US President Joe Biden on Wednesday chastised the oil industry over soaring fuel prices at the heart of 40-year high inflation, warning of unspecified emergency measures.
The letter, sent to seven major oil corporations, was Biden's most direct salvo yet in a campaign to blame the industry for stoking price increases.
Average fuel prices are now $5 a gallon for drivers in the United States, up from $3 a year ago, and the spike is reverberating through the entire economy, helping to sink Biden's approval ratings to below 40 percent.
"Refinery profit margins well above normal being passed directly onto American families are not acceptable," Biden wrote in the letter to executives from Shell, Marathon Petroleum Corp, Valero Energy Corp, ExxonMobil, Phillips 66, Chevron and BP.
Biden said the economy is in "a time of war," referring to the global fallout from President Vladimir Putin's invasion of Ukraine and subsequent sanctions against energy exporter Russia.
"My administration is prepared to use all reasonable and appropriate federal government tools and emergency authorities to increase refinery capacity and output in the near term, and to ensure that every region of this country is appropriately supplied," Biden said, without detailing what kind of actions he could take.
Biden has regularly lambasted the oil industry for what he says is a failure to tap into already approved wells and increase output.
However, the letter, accompanied by a graph depicting rising producer profits, marked an escalation in the war of words.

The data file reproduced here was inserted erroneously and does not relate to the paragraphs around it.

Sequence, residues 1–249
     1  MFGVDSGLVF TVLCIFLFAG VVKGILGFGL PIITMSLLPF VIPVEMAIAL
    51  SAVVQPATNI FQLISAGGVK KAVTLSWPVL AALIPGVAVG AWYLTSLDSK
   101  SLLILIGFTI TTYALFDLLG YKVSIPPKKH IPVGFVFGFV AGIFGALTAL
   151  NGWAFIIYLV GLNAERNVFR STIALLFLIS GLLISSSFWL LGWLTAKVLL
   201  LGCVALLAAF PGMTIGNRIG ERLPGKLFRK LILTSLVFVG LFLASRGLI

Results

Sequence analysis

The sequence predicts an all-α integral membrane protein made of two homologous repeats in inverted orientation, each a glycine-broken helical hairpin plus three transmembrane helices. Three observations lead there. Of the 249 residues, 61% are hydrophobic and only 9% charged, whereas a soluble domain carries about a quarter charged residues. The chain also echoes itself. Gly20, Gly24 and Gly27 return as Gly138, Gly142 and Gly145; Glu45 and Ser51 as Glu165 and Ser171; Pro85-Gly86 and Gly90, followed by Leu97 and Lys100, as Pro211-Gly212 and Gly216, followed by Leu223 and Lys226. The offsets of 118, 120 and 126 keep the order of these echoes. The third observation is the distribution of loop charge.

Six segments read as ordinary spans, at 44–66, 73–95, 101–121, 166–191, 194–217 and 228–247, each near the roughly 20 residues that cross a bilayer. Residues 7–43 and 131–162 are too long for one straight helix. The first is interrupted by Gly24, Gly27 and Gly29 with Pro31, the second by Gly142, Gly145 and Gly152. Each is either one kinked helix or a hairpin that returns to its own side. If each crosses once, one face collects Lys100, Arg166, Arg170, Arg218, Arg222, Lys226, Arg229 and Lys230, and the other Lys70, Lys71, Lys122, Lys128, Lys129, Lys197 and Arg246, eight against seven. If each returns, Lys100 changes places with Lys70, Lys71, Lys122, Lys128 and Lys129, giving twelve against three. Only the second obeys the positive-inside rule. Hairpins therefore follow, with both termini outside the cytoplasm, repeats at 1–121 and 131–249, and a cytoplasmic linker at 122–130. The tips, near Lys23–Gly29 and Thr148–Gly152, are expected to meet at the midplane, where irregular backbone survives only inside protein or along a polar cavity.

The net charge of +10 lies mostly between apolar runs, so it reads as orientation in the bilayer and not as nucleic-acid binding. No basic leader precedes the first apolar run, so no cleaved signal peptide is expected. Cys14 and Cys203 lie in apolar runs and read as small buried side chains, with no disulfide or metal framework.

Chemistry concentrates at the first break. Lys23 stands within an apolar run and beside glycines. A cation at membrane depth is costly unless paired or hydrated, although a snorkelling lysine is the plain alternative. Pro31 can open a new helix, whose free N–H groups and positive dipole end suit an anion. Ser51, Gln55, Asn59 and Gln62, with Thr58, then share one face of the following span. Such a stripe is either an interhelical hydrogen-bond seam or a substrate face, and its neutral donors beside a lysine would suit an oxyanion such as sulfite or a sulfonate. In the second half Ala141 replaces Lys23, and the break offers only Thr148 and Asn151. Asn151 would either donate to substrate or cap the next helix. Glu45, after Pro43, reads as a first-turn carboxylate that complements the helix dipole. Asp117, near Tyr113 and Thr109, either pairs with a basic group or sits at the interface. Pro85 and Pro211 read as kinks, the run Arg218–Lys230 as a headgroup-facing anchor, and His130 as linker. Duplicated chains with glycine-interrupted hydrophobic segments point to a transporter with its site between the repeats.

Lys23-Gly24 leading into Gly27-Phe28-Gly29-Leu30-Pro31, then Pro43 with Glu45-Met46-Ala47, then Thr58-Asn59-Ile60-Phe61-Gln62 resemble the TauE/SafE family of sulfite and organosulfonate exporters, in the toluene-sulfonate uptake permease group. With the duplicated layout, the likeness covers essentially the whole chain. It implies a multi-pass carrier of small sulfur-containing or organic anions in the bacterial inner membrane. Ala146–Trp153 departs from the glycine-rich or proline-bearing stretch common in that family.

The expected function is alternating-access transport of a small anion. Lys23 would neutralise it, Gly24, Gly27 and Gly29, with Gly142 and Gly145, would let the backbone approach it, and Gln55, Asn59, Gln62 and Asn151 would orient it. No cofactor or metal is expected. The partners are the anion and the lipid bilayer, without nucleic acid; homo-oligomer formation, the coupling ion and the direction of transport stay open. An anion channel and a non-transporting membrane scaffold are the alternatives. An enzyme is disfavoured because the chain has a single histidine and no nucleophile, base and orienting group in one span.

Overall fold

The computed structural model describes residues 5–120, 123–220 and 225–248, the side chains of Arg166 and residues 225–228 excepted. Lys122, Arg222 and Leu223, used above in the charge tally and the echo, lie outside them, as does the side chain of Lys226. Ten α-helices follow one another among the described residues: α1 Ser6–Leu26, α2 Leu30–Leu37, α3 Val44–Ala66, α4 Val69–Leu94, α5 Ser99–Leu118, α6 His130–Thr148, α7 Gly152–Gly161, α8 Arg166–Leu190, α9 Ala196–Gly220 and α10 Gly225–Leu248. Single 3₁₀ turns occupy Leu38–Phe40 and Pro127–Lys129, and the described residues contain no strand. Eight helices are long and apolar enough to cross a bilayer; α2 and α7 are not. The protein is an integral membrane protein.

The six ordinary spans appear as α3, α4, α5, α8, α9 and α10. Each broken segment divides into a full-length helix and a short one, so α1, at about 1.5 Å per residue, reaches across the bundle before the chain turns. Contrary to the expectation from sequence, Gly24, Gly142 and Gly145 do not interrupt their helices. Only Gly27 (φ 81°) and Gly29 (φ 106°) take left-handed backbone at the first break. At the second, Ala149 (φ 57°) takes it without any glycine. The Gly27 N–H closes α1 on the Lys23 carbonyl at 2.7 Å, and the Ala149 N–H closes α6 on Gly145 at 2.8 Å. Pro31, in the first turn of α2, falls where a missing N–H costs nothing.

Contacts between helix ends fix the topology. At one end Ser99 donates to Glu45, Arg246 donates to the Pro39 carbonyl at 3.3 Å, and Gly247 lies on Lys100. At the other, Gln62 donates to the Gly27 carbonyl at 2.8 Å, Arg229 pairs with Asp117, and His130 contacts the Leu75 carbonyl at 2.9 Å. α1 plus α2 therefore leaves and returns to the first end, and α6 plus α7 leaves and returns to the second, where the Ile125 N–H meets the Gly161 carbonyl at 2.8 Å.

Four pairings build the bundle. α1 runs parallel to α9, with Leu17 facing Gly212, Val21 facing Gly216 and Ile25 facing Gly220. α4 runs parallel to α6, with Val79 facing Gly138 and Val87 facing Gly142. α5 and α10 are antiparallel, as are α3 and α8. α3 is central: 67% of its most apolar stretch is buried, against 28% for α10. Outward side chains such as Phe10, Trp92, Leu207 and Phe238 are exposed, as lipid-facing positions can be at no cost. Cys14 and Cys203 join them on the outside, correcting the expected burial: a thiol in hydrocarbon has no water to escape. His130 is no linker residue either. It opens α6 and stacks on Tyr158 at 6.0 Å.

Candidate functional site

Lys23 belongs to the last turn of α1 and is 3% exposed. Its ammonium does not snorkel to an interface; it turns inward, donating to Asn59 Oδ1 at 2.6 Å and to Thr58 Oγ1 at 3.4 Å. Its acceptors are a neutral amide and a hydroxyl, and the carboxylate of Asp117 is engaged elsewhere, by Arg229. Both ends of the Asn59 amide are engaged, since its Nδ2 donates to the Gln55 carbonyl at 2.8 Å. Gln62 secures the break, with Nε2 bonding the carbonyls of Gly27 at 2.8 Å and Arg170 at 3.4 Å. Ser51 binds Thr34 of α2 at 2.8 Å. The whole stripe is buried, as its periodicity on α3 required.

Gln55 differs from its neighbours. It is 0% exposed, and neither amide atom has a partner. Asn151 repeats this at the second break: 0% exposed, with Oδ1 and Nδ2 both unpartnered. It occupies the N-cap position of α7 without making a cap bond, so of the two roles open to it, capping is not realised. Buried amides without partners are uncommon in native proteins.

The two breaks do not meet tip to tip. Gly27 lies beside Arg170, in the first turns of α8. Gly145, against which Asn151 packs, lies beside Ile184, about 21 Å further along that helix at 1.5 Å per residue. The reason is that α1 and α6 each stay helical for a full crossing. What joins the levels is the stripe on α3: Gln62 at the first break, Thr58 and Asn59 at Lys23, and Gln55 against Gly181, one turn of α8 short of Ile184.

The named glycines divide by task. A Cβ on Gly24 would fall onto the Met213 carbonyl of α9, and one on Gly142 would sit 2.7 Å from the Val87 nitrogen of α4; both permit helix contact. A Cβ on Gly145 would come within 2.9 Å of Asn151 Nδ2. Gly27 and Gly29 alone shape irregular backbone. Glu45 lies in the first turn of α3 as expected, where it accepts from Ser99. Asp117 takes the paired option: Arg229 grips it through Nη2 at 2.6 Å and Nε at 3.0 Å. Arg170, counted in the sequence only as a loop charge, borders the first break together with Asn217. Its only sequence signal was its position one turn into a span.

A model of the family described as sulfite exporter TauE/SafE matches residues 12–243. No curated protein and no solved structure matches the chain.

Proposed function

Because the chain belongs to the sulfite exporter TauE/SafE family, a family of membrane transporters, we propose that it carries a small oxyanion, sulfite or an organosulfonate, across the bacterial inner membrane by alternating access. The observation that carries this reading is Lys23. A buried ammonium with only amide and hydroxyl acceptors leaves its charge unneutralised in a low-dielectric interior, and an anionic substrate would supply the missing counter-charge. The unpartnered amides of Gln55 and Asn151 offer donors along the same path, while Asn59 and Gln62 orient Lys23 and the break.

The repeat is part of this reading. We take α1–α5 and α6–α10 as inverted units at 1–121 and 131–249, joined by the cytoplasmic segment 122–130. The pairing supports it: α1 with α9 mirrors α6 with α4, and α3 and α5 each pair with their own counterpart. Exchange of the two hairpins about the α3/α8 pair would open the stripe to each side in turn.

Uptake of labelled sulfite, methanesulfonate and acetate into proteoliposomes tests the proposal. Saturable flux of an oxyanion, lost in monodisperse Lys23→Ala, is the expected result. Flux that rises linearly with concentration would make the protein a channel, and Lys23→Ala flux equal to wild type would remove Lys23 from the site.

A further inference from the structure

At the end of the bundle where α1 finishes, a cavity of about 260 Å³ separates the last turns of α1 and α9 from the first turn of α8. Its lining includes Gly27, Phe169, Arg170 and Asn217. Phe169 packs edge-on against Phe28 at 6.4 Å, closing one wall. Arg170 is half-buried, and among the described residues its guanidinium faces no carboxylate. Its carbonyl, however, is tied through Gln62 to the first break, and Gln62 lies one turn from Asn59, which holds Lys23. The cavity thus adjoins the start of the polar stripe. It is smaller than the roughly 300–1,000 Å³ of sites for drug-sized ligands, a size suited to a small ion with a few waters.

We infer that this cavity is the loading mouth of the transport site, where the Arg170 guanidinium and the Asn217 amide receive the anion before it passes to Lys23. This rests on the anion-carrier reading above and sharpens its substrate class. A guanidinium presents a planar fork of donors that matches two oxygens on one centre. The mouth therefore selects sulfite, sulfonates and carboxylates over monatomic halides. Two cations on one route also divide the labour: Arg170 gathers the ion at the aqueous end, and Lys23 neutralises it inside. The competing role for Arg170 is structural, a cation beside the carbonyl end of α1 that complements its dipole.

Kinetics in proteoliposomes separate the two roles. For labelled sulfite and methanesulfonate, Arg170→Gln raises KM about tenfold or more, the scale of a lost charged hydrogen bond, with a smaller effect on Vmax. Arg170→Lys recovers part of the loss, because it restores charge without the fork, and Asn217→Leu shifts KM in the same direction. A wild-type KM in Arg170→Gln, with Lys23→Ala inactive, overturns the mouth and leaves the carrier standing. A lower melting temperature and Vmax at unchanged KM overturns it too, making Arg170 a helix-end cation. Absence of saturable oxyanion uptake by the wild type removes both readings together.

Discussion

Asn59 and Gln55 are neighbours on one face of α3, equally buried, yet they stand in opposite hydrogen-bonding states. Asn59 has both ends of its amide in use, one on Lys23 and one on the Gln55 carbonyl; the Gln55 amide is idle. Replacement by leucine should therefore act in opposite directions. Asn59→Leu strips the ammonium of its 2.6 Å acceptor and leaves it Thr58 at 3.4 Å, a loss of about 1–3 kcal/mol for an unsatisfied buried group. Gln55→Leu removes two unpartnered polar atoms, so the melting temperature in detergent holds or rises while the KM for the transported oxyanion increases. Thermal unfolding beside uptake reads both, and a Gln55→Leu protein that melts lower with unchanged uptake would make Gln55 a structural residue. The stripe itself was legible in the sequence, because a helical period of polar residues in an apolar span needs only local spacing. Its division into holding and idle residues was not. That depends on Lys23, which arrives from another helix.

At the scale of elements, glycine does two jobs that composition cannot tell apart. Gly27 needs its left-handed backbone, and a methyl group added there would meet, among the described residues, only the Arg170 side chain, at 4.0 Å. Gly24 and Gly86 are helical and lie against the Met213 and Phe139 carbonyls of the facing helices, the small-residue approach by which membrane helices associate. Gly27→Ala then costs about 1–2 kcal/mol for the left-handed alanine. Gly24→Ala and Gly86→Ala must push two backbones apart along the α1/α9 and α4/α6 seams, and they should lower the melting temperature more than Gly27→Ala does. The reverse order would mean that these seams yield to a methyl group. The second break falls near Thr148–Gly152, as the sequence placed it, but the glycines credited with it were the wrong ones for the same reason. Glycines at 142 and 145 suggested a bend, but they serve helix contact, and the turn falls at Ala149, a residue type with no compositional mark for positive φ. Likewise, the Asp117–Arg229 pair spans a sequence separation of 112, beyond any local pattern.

In the letter he asked for "explanation of any reduction in your refining capacity since 2020 and any concrete ideas that would address the immediate inventory, price, and refining capacity issues in the coming months -- including transportation measures to get refined product to market."
"The crunch that families are facing deserves immediate action. Your companies need to work with my Administration to bring forward concrete, near-term solutions that address the crisis," he wrote.
Biden's Democratic Party risks a heavy defeat, losing control of Congress, in November elections and polls show that fears over the economy dominate.
In a fiery speech Tuesday, Biden blamed Republican obstruction in Congress and Russia's war in Ukraine for price increases that he said are "sapping the strength of a lot of families."
The Federal Reserve was due Wednesday to raise interest rates again in an aggressive effort to tamp down inflation, amid fears that the unintended result will be recession.